Ayan Acharya and Neha Jain
Not so long ago, the subways in the city had become vibrant public places providing a potpourri of entertainment – music concerts, dance performances, art installations and many such eye-grabbing events. This was the result of an initiative of Bangalore Rising, a citizen enterprise inspired by The Ugly Indian (TUI), which formally adopted six subways near KR Circle in 2014 as part of BBMP’s Namma Bengaluru Nanna Koduge scheme.
Fast forward to 2016, and the subways have gone back to being dingy, dark corridors of menace that citizens are afraid to tread on. The filth and stench seem to be the least of concerns for the pedestrians, who are occasionally greeted by locked subways during the rush hours. As an official of the Bruhat Bengaluru Mahanagara Palike (BBMP) put it, of course, on condition of anonymity: ‘We have to revive these subways, open the locks and make these places available for public use. Our maintenance of subways has not been good and we need to find out some mechanism (to fix) this issue.’
Corporate adoption of subways for maintenance is one option under consideration. ‘On Nrupatunga Road, we have three subways and talks are already underway with authorities at Reserve Bank of India, who are interested in maintaining all of them,’ the official added. Currently, St. Martha’s Hospital, situated in the heart of Nrupatunga Road, has agreed to undertake the maintenance of one of the three Nrupatunga Road subways.
Although the exact number of subways in the city is not known, the source was able to give a rough estimate of the money spent on each subway. ‘The construction of small subways, like the one near (KR circle) cost between Rs 50-60 lakh while the subway in City Market costs Rs 6 Cr and the one near Town Hall, was made for Rs 2.5 Cr’, the source informed.
However, Mr. Basavraj R. Kabade, Executive Engineer, BBMP, talks of a different approach altogether: “We are doing away with the subways. We are constructing skywalks with lifts and escalators and are nearly done with nine skywalks.”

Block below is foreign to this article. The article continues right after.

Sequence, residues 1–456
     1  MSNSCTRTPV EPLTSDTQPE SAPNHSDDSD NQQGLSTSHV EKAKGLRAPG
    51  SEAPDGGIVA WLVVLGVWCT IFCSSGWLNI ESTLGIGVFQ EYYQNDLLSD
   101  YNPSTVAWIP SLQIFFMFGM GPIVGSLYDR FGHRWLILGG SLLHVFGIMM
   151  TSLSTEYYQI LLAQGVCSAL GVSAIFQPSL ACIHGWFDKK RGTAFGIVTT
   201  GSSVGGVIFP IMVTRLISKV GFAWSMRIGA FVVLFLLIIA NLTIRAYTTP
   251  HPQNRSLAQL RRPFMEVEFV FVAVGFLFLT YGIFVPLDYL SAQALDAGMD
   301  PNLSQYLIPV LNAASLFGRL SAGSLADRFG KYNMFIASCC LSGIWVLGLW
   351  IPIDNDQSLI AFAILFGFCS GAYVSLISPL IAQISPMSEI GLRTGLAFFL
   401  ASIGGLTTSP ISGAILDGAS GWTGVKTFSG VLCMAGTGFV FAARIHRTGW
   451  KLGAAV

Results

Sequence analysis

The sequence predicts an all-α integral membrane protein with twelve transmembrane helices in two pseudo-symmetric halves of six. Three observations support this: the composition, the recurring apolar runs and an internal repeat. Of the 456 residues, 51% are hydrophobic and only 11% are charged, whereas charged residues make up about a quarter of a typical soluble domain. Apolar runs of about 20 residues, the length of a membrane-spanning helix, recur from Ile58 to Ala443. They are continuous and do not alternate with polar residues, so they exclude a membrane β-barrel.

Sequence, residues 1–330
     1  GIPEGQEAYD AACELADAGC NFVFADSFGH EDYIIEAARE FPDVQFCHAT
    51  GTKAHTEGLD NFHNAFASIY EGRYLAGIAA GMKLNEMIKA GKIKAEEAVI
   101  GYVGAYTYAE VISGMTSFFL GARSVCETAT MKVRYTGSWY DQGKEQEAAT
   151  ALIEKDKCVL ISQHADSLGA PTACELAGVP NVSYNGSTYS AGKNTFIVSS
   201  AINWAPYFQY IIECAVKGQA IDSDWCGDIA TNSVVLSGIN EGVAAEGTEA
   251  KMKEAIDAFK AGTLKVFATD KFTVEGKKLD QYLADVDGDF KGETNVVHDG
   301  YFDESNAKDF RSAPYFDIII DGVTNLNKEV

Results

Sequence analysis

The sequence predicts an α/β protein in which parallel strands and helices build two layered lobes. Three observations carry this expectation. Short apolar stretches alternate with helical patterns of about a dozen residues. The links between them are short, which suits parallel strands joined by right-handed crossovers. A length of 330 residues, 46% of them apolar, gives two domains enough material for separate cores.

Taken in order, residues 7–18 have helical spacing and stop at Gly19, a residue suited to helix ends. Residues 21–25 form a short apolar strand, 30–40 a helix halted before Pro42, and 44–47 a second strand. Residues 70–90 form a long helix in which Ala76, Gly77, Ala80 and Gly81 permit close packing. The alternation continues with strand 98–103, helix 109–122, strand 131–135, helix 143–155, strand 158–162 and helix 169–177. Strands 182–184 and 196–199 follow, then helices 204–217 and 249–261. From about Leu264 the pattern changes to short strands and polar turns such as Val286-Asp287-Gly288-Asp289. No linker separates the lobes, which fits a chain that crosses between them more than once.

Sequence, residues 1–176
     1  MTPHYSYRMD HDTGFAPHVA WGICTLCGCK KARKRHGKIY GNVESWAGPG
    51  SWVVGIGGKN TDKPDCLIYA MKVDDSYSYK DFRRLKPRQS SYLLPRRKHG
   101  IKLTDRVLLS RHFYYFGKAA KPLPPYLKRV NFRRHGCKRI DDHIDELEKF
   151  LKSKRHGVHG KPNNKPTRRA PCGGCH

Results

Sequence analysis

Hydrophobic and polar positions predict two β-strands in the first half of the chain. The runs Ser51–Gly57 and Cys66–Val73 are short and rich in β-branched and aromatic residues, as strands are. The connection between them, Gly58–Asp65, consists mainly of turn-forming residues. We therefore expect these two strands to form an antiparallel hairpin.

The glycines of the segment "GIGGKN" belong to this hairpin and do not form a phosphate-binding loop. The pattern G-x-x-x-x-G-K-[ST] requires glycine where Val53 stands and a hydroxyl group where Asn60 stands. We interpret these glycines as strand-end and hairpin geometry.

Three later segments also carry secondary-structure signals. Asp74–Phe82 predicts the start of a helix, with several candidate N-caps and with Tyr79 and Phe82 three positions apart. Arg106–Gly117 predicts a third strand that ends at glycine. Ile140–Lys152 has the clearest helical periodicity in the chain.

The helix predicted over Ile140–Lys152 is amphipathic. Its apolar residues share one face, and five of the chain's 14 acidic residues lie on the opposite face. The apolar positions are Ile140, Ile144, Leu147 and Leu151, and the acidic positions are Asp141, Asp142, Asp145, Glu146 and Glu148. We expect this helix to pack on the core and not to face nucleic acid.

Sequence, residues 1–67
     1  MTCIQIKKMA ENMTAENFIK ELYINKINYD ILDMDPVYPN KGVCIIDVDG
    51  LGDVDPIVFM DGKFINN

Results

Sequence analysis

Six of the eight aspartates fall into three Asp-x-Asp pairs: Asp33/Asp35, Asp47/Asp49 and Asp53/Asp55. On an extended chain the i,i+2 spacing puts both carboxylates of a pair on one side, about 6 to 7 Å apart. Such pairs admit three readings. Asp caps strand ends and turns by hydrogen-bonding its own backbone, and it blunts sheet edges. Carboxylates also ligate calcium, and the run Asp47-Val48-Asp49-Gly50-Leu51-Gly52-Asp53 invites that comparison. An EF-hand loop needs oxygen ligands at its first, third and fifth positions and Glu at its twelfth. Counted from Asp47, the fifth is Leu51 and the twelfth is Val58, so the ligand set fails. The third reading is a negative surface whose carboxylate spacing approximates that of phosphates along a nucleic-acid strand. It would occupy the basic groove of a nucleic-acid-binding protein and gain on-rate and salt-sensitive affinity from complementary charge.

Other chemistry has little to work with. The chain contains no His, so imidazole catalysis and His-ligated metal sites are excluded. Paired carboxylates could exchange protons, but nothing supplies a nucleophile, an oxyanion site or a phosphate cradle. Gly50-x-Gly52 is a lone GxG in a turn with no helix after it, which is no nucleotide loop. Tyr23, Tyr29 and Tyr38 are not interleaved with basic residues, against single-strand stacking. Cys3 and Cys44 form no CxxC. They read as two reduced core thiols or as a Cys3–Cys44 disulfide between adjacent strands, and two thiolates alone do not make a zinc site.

If the BBMP has decided to invest in skywalks, what happens to the subways in the future? Although there is no precise estimate of the total length of subways in Bengaluru, they clearly occupy prime real estate. Instances of subways remaining shut raises question as to whether this real estate is of any value to citizens.
Is the tax-payer’s money going into yet another black hole?Any civic facility should be used by people. But are they really interested in using the subways? As the BBMP official puts it: “We have to create awareness among the citizens discipline the pedestrians, which is to be done by the police.”
So, has all the work done by Bangalore Rising and The Ugly Indian been undone? Unfortunately, The Ugly Indian’s ‘moo-bandh’ policy extends to media as well and queries about their stand on the current condition of subways was greeted with: ‘we do not respond to the media.’ The Facebook page of Bangalore Rising and The Ugly Indian chronicles the group’s novel efforts at several places in the city. But, the last update about the subways was almost a year ago. In a city where the voluminous traffic and chaotic streets drive people round the bend, clean, well-lit, wide subways might provide a safe solution.
Is anybody listening?